Who said two powerhouses can’t work together in perfect harmony? Here we have Apple Inc. and Oracle -- two of the largest in their respective industries -- which can now interface with each other seamlessly. If you are a business that uploads your products to iTunes wouldn’t it be nice to be able to view reports on sales daily/weekly/monthly?That is where Apple Connect and ODI12c come in. Apple Connect gives users a way to download reports to show anything from daily to yearly stats on sales -- we are even given the option to pull pre-sales reports. Apple Connect does a very good job of documenting the different options for reporting in a .pdf document that can be found on Apples website 
Why ODI12c?
Well let’s say that you wanted to take these reports and load them to a target area so you could do reporting on the sales numbers. Without a tool to schedule, a mechanism to download, and another tool to then unzip, and then another tool to load the data to a target environment, you would be looking at a customized mess. What if you only had to worry about dragging and dropping a couple of objects into a gui interface and drawing a line from one to the other? Then you could use ODI12c built-in scheduling -- virtually nothing custom involved.
Below is the Task Hierarchy from a Knowledge Module that I created to make this all happen with one click of the mouse:
The steps are:
Download the file -- this uses built in ODI tools to call an API for iTunes Connect. There are additional options for download so I added flexibility to this step to make it user friendly to change.
Unzip File -- this step uses built-in ODI tools to call gzip.
The next steps comes packaged with ODI...These steps create and drop work tables and load the unzipped file to the target location in this case it is an Oracle table.
The next step is Archive Zip File -- since we already have it zipped we simple move this file to an archive folder.
The next step is Delete Source File -- since we don’t want to have this process run with old data we want to delete the file that we unzipped and are using to loading the target.
Here is what the whole process looks like in the mapping area of ODI. Again all the steps listed above are happening in what you see in the diagram above, from unzip to delete source file.
What happens, though, if you need to reload a file and you don’t want to download and unzip to happen? Simply create an additional Physical Mapping Design that uses a built-in file to target integration; this sounds duplicative but it’s not. Then when you run the mapping you can select the Physical Mapping Design you want to run.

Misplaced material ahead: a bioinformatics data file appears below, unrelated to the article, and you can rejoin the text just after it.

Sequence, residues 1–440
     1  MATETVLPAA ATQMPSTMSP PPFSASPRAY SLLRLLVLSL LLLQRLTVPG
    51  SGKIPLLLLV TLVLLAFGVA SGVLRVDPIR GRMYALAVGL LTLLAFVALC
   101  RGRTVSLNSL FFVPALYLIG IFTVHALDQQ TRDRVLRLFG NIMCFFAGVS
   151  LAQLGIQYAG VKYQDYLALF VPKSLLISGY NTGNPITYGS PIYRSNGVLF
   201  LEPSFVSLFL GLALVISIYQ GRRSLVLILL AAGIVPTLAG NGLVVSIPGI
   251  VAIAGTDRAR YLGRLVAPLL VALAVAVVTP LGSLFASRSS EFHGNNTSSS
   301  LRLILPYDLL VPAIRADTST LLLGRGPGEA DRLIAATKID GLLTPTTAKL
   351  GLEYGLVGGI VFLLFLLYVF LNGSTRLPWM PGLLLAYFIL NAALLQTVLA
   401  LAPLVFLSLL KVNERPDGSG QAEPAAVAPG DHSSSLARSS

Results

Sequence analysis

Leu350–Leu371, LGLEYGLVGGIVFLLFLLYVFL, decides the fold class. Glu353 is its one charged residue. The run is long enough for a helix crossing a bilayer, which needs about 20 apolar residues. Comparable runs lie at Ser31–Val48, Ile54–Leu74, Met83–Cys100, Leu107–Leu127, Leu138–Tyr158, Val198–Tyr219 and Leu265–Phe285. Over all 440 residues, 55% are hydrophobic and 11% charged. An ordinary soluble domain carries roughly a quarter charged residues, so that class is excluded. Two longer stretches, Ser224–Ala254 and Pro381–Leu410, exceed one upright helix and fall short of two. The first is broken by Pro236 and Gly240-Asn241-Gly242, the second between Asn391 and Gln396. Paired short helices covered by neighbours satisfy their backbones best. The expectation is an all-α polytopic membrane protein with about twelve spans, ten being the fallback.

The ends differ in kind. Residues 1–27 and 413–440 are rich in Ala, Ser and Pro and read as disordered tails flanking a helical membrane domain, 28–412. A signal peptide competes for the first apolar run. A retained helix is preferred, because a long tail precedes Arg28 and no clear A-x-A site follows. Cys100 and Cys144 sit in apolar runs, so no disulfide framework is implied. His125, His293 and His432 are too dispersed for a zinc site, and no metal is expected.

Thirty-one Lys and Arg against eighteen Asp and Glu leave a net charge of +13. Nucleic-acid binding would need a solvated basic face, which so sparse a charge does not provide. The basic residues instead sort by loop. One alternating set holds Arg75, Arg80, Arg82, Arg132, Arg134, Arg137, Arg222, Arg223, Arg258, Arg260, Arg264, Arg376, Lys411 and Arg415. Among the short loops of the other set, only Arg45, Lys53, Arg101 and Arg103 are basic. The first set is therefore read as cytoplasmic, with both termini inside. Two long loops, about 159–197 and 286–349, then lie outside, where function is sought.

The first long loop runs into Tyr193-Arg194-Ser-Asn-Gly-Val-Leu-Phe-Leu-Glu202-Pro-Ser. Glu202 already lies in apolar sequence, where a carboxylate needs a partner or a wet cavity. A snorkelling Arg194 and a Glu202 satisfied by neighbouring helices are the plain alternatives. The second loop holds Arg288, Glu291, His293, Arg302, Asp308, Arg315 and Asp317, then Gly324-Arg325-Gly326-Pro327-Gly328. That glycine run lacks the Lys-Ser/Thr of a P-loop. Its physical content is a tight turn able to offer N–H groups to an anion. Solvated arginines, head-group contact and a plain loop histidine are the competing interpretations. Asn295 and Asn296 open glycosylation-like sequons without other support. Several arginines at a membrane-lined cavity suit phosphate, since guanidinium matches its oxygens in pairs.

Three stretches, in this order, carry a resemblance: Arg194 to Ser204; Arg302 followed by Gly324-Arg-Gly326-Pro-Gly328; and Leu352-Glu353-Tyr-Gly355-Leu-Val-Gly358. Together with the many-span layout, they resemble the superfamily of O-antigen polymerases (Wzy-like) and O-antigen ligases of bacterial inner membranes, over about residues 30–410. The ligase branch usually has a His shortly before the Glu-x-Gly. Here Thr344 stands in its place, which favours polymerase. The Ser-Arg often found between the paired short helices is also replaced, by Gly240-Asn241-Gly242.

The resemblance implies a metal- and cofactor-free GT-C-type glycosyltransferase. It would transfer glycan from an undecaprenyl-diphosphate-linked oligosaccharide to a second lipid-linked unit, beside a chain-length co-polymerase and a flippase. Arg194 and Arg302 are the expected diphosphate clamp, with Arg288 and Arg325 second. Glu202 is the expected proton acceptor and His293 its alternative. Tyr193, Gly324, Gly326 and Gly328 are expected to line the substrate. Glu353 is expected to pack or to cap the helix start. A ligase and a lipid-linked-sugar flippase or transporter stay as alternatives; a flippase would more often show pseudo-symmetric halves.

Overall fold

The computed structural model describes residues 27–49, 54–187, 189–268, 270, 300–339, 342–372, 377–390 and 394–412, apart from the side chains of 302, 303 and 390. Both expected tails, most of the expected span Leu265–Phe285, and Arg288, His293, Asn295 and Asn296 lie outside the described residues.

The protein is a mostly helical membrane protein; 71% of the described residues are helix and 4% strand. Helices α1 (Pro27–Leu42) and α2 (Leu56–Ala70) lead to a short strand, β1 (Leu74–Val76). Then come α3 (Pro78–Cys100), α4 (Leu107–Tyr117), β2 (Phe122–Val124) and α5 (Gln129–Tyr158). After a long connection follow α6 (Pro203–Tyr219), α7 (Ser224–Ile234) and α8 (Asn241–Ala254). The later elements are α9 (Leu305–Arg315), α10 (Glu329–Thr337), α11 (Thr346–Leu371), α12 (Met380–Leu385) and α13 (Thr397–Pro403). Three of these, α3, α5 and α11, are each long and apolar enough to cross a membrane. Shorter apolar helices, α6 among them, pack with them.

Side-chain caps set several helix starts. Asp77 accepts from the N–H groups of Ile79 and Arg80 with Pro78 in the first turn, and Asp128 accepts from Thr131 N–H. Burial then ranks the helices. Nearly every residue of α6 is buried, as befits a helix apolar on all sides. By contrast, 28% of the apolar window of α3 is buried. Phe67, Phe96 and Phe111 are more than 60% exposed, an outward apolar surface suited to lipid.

In a few weeks, my next post will cover additional case studies which use different Physical Mapping Designs.

Additional Variables Grayed Out

Little Issue with Running a Scenario from a Package
If you have used ODI before you have created a package with multiple steps, and one of those steps was inserted as a scenario. Sometimes we need to pass variables to those scenario steps, but we quickly find out that there is a roadblock.Normally, you click on the scenario step within a package, in the properties section there is a tab called “Additional Variables.”  Under “Additional Variables” there is a small box that you can click that will add variables that have been declared in the scenario.

As you can see from the snapshot above, it is grayed out. According to Oracle this is a known bug.
I am happy to report that I found a workaround and here it is:
Simply go to the “Command” tab and add the variable there. This is just like adding the variables when calling it from an OS command line.
The format for that is “-<Project_Code>.<Variable_Name>=<Value_Passed”
Once that is added go back to the “Additional Variables” tab and make sure it parses correctly.
Simple enough, right? Once this was completed the package flawlessly passes the variable to scenario step. Please let me know if you have any questions on this or if you are facing any issue that you need help troubleshooting.

I wanted to created a blog that talked, in simple terms, about how to properly plan for a Oracle Data Integrator (ODI) project. i have seen other blogs out there on how to properly use, tips and trick for ODI, but not the different way that you have to think about ODI and organizing ODI, before starting a project.